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Denver ranks high on list of prime college towns

Photo courtesy of Nicole Elizabeth


Two Colorado towns that are resident award recipients of Best College Towns took a rankings-dive this last year—and Denver is on the rise.

Boulder and Fort Collins have been staples in the “Best of” lists for  multiple years. According to Westword, in 2014 Boulder finished with the top spot in two separate rankings. Fort Collins also ranked in the top 20 in both of those  surveys.

Westword’s reporting of Boulder and Fort Collins’ plunge comes from a list published by WalletHub, a Washington D.C. based financial analysis site. The site’s analysis split the quintessential index into three separate listings. The lists were split based on small towns with less than 125,000 people (Boulder), mid-sized towns with between 125,000 to 300,000 people (Fort Collins), and large cities with more than 300,000 people (Denver). Boulder, once having a stay on the most coveted top spot, has fallen to 33rd. Fort Collins, faring better, held at number nine. WalletHub ranks each town on a culmination of factors and gives the town a score before sorting them into town-size. Both Boulder and Fort Collins sat comfortably in the median with scores of 56.03 and 55.04 out of 100, respectively.

How is it that these towns, who commanded top spots, have began the decline into college town obscurity? For this, it’s crucial to look at WalletHub’s methodology. Their categories are split into Wallet Fitness: a ranking divulged of housing costs, cost of living, and cost of higher education; Social Environment: students, nightlife, and sports per capita; and Academic Opportunities: earning potential for graduates, and job growth rate.

In culmination, Boulder and Fort Collins were diversified and jumbled in its categories which ultimately led its spurn in the rankings.

“Boulder ranked 13th for the Social Environment category, with the highest number of cafes and breweries per capita,” Jill Gonzalez, an analysis for WalletHub, said to Westword.

The city ranked below average for the Wallet Fitness category due to its higher cost of living for young people, which ranked 356th for this specific metric.

Fort Collins fared better., boasting some of the greatest opportunities for post-graduates in the ranking. The only major downgrade was its earning potential for graduates.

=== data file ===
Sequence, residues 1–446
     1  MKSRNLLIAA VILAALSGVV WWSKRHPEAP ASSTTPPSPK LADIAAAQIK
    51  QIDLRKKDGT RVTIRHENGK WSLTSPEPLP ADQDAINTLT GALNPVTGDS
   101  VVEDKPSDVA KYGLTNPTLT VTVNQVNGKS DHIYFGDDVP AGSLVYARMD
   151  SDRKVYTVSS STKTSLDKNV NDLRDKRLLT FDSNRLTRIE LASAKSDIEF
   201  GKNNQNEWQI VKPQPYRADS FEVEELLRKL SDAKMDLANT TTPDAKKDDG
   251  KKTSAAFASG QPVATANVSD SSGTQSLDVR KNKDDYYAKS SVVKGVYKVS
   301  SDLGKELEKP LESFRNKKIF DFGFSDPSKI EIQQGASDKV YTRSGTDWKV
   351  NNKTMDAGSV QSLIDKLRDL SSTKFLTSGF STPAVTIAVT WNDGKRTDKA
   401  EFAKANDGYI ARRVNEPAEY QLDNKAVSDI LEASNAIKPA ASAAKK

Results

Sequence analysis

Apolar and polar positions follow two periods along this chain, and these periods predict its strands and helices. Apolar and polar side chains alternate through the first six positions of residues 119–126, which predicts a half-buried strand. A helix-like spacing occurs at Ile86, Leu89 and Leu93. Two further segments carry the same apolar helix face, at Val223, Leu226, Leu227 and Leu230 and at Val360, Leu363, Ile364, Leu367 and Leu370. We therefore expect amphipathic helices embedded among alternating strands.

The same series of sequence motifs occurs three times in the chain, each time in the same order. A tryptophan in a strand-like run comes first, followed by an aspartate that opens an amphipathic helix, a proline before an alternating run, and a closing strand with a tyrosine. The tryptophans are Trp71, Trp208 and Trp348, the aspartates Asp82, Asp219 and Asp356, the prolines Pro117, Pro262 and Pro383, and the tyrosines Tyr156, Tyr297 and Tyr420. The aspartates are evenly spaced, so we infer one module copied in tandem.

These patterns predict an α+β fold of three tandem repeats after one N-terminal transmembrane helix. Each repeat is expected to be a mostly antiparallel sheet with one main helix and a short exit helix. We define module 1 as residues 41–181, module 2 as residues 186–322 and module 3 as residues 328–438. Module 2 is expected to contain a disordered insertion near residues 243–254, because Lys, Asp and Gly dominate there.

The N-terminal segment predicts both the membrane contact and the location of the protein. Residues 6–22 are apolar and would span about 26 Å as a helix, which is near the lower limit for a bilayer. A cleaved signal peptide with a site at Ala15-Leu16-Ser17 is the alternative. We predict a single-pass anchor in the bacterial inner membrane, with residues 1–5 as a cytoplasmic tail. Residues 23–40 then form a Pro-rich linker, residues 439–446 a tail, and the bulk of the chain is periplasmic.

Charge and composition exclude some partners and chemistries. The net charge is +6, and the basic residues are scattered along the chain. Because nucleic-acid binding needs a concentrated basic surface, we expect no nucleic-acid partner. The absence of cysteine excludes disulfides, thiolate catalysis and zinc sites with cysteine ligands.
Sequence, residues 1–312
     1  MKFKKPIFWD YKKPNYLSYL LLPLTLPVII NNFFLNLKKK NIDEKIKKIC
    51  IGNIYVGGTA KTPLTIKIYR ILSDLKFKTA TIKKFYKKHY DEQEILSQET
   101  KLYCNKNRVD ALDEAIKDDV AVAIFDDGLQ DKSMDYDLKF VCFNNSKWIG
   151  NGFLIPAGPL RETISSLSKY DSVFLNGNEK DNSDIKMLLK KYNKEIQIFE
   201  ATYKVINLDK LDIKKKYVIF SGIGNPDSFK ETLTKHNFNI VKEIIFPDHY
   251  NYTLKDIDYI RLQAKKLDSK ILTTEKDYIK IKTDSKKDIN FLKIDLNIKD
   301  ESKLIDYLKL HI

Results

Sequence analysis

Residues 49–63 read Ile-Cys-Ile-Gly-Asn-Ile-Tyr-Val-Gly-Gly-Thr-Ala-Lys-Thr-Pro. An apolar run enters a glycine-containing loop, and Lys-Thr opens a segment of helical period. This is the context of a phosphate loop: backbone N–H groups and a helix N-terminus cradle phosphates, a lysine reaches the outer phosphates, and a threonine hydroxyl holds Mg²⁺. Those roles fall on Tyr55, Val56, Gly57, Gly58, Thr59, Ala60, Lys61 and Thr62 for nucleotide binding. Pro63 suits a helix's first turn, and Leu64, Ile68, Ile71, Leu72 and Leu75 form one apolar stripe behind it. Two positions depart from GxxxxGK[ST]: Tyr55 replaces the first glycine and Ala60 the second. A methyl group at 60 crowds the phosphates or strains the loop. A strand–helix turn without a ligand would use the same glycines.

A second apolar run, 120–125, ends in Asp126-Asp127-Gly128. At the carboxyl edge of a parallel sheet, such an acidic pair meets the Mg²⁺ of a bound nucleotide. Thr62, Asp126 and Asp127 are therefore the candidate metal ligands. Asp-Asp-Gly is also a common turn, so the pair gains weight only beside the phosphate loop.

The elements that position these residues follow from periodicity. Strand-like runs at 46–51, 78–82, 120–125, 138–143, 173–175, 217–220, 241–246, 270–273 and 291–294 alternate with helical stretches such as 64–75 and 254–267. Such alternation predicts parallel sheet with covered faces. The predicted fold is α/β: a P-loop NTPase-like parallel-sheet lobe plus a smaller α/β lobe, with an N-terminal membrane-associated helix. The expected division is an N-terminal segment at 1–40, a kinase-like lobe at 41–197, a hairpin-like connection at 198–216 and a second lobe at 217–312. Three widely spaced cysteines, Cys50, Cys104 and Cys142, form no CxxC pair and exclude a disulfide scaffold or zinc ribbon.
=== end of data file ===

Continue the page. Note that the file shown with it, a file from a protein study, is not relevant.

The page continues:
Based on its score, Denver landed firmly flush with Fort Collins and Boulder. Why should Denver be considered a better college town? This is the first ranking to give Denver the same visibility as a college town as the big two. In looking at the livability of a college town, it goes beyond the party lifestyle that these major universities boast.

Economic viability is a key factor. “Set aside the notion that a college town has to have 20-somethings plodding around with loaded bookbags,” Scott Carlson of the higher education publication The Chronicle said. “Consider how many cities meet other criteria.”

Denver is a reputable melting pot of economic opportunities and livability. People from all walks of life come to Denver and attend universities like University of Denver, Community College of Denver, Metro State University, and CU Denver because this city is able to provide them the economic connection.

While in many senses Boulder and Fort Collins still out-score Denver as top college towns, finally seeing metrics that fairly balance the strengths of college towns gives Denver the spotlight it deserves. Whether intentional action will be made to increase its ranking is uncertain, but for right now, Denver still enjoys being one of the top cities and hopefully soon, among the top college cities in the US.

Denver occupies a unique space for college towns. In being a city with more opportunities for play, and separation from work and school, Denver gives its students the chance to just be a person. “One of the effects of living in Denver is its a lot easier to forget you’re in college sometimes,”  CU Denver student DaMarcus McGill said. “There’s so much going on around you that it helps distract from the stress of school life. Especially when you’re not staring at the library from your dorm room all the time.”

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